May 9 and September 5 are also the same day as day 0 (May is the 5th month and September the 9th  think of the Sheena Easton song "nine to five": the 9th day of the 5th month and the 5th day of the 9th month)
July 11 and November 7 are the same day as day 0 (the 7th and 11th months, respectively  think of the "711" shops)
This day of the week is called Doomsday in the Doomsday algorithm, which uses these very same mnemonics. (copyright?)
However, if one regards the new year as beginning on 1 March one has a simpler situation for February and January. January 16 and February 6 are the same day of the week as the previous last day of February (i.e. last year's Doomsday) for every year.
Also within each year beginning 1 March, five months is always exactly 153 days and hence one day short of a whole number of weeks. This gives rise to the following dates on the same day of week stating with April 4, June 6 etc.
Month +5 months 5 months +10 Months April 4 September 5 February 6 June 6 November 7 August 8 January 9 March 7 October 10 May 9 December 12 July 11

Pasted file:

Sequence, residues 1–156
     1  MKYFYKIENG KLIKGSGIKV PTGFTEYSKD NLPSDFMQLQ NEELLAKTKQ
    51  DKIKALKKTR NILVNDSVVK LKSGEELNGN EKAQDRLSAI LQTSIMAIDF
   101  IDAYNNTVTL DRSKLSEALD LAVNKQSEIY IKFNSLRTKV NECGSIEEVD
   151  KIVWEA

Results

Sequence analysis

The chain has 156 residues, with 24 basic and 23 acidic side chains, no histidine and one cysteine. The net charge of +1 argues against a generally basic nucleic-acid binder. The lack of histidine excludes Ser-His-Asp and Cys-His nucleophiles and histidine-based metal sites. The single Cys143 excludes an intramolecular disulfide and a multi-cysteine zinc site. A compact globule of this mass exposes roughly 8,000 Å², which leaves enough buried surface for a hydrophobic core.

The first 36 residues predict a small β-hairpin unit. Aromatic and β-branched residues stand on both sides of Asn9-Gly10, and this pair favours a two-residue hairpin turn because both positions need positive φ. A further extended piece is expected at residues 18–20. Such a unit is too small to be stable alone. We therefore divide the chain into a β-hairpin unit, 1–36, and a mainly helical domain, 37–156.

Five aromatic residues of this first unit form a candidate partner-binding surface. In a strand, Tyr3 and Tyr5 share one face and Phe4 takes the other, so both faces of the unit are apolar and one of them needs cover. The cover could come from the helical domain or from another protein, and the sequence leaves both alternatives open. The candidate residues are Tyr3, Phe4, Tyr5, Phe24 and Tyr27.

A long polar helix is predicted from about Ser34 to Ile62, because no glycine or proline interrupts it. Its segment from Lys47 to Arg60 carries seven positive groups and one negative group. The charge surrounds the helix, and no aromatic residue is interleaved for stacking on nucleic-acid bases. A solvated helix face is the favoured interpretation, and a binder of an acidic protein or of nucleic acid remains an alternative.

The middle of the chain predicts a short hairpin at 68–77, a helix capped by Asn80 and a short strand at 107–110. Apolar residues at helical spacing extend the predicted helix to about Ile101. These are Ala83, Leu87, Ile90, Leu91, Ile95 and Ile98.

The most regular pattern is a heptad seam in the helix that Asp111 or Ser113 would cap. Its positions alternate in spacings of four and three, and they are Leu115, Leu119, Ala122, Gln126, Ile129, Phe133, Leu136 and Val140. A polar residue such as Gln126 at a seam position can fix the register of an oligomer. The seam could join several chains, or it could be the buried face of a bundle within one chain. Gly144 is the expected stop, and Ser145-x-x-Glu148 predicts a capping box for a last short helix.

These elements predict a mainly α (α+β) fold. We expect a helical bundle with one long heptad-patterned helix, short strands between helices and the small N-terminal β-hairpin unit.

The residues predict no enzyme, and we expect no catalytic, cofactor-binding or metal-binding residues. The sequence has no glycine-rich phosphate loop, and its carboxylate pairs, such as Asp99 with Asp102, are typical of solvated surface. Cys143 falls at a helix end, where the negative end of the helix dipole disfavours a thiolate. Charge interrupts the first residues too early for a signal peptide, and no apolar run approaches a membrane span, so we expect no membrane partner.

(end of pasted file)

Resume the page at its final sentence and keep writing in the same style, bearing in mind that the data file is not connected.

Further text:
So if you can figure out what day "day 0" is, you can quickly find a date in any month that falls on the same day, and you only have to add or subtract a few days to get to any other day in the month.
Memorise this: in 2000, day 0 was a Tuesday. Every century, day 0 changes according to the following pattern: Tuesday, Sunday, Friday, Wednesday, Tuesday, Sunday, Friday, Wednesday, ... (mnemonic: "it's Too Sunny For Work"  "too" for Tuesday); i.e., in 2100 day 0 will be Sunday; in 1900 it was Wednesday. Every common year, day 0 moves forward one day, and two days every leap year; it moves ahead one day every 12 years (2000 is a Tuesday, 2012 is a Wednesday, 2024 is a Thursday, etc.)
So let's say you want to know what day June 3, 2017 will be. Day 0 for 2000 was a Tuesday, in 2012 it will be Wednesday, 2013 will be Thursday, 2014 Friday, 2015 Saturday, 2016 (a leap year) Monday, and 2017 Tuesday; June is the 6th month, so the 6th of June is a Tuesday. Three days earlier is Saturday.
References
See also: